Berkeley’s growth spurt

Between 1900 and 1910, when Berkeley changed from town to city government, its population soared from 13,000 to over 40,000. There were two main reasons: the Key Route railway began offering a 30 minute commute to San Francisco from the Berkeley Pier in 1903, and the San Francisco Earthquake of 1906 sent people fleeing to what seemed more stable ground. The new houses were still often large, designed by prominent architects and belonging to prominent people, e.g. 2204 Glen (Dempster house, 1908), 1317 Arch (Admiral William Whiting house, 1905), 1320 Arch (Julia Morgan design, 1906), 1324 Arch (Julia Morgan design, 1910), 1325 Arch (Bernard Maybeck design, 1906) 1345 Arch (1909), 1425 Arch (Julia Morgan design, 1910). Development began moving uphill with houses like 1418 Spring (later Scenic, 1909), 1446 Scenic (1908), 1452 Scenic (1908), and 1404 Hawthorne (Julia Morgan design, 1911) (1408 Hawthorne is a later, 1921, Maybeck). Today’s La Loma Park was quarried for building materials (hence Quarry Rd.); La Loma Park was the generic name for the neighborhood, and the PG&E substation was built as its clubhouse. The Solano Tunnel was built for streetcars between 1908 and 1911. with the excavated dirt used to fill the trestle along today’s Henry Street and what had been a Codornices Creek swimming hole (now School of the Madeleine). This period of rapid growth also saw the continuation of Oxford Street across Codornices Creek to join what had been Pine Street, the construction of Oxford School, and the opening of the Northbrae addition north of Eunice, then outside city limits. The new stretch of Oxford was curved to mollify the owners of the Byrne mansion – the street cut off most of their front yard and its elegant drive. Neighbors protested, however, when the city proposed extending Berryman east to Spruce to create the street shown on early plat maps. Thus Berryman between Shattuck and Spruce remained a footpath, as it is today.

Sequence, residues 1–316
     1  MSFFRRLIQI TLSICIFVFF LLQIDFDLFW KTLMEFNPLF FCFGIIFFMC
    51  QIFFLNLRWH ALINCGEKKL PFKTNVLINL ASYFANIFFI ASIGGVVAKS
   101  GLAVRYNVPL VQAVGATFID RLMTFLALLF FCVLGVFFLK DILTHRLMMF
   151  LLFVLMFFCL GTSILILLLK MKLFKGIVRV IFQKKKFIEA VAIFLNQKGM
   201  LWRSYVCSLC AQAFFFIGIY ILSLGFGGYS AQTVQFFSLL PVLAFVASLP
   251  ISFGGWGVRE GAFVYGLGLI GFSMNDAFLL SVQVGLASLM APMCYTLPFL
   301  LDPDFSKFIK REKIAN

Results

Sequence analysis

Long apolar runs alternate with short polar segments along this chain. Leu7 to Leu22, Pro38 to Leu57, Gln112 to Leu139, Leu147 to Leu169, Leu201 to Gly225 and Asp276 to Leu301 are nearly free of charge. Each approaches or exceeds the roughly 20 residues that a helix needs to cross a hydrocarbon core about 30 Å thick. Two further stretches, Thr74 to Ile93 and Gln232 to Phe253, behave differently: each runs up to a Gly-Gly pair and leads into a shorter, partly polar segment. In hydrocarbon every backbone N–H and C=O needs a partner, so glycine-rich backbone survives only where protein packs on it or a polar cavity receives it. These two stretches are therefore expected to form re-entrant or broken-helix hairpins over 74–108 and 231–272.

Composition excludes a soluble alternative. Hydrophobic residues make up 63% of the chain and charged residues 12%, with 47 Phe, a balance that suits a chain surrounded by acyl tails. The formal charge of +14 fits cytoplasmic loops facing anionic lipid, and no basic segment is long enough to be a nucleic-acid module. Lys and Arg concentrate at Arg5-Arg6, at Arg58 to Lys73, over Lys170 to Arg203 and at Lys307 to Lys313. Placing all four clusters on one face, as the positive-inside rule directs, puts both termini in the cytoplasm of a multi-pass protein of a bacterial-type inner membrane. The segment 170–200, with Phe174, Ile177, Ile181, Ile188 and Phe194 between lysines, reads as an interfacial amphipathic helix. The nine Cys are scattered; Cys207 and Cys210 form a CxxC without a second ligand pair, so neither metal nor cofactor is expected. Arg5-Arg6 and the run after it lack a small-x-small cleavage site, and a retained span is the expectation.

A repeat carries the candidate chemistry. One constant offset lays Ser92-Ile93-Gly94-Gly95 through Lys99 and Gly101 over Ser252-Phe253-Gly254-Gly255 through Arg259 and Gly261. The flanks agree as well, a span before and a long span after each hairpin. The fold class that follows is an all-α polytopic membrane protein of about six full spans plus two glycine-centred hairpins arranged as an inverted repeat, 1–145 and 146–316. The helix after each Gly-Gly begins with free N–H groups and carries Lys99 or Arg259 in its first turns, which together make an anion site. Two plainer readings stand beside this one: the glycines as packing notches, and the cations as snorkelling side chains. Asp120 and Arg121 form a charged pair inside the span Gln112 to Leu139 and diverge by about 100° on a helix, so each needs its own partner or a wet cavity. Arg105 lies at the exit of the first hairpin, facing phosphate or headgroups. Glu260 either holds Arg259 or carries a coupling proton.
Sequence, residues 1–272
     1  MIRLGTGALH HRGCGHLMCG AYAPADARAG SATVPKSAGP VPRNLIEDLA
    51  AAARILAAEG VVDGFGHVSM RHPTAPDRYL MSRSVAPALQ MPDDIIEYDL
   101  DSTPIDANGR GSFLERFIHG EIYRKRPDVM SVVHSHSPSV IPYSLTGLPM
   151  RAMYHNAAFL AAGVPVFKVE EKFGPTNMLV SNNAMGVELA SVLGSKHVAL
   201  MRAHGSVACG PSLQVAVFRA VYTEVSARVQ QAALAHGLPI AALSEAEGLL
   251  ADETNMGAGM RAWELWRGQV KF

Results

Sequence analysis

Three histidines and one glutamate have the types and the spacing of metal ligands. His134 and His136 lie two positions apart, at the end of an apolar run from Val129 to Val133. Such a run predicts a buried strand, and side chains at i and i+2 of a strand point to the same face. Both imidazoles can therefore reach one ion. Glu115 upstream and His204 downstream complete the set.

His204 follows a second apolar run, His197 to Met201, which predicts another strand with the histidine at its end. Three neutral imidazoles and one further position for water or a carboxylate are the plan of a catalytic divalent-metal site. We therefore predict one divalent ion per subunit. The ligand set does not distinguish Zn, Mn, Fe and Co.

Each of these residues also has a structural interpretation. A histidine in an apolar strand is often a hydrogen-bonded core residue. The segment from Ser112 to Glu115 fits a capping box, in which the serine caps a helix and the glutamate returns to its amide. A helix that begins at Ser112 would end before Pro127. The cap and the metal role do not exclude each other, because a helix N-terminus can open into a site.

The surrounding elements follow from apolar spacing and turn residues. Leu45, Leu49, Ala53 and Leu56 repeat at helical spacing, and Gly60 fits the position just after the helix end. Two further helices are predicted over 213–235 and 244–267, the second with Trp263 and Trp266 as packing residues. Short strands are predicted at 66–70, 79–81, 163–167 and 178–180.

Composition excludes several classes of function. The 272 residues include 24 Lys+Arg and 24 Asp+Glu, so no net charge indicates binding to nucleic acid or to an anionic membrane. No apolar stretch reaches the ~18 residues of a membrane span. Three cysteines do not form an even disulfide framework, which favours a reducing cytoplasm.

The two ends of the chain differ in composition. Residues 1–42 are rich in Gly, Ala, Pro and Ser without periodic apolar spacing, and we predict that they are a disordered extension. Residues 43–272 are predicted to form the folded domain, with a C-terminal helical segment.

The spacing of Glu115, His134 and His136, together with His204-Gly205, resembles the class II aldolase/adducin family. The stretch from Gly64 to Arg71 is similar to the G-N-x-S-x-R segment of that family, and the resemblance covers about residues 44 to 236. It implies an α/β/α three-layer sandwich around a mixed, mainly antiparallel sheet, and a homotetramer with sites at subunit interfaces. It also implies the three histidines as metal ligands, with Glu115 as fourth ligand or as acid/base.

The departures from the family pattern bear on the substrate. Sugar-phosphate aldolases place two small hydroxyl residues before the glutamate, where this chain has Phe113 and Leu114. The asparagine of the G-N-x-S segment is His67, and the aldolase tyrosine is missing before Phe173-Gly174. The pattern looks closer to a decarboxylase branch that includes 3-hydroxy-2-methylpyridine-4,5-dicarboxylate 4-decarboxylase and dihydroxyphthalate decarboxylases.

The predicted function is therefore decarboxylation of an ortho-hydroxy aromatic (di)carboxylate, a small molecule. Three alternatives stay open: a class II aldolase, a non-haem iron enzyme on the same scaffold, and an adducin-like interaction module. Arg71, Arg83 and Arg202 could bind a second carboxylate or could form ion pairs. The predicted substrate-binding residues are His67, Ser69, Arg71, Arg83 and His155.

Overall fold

The Hillside Club embraces nature